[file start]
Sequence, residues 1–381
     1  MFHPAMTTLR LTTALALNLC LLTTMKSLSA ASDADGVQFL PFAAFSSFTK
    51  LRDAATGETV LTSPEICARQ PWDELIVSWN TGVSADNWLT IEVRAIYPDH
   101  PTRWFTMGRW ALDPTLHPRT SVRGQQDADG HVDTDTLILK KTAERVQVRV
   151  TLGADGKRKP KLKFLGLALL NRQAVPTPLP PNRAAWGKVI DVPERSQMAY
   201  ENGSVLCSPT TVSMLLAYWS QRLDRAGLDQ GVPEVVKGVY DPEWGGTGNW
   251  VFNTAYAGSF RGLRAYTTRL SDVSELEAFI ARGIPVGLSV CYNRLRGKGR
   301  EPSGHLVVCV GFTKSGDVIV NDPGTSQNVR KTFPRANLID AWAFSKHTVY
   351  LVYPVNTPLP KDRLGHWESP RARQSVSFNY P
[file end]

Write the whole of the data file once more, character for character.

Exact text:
Sequence, residues 1–381
     1  MFHPAMTTLR LTTALALNLC LLTTMKSLSA ASDADGVQFL PFAAFSSFTK
    51  LRDAATGETV LTSPEICARQ PWDELIVSWN TGVSADNWLT IEVRAIYPDH
   101  PTRWFTMGRW ALDPTLHPRT SVRGQQDADG HVDTDTLILK KTAERVQVRV
   151  TLGADGKRKP KLKFLGLALL NRQAVPTPLP PNRAAWGKVI DVPERSQMAY
   201  ENGSVLCSPT TVSMLLAYWS QRLDRAGLDQ GVPEVVKGVY DPEWGGTGNW
   251  VFNTAYAGSF RGLRAYTTRL SDVSELEAFI ARGIPVGLSV CYNRLRGKGR
   301  EPSGHLVVCV GFTKSGDVIV NDPGTSQNVR KTFPRANLID AWAFSKHTVY
   351  LVYPVNTPLP KDRLGHWESP RARQSVSFNY P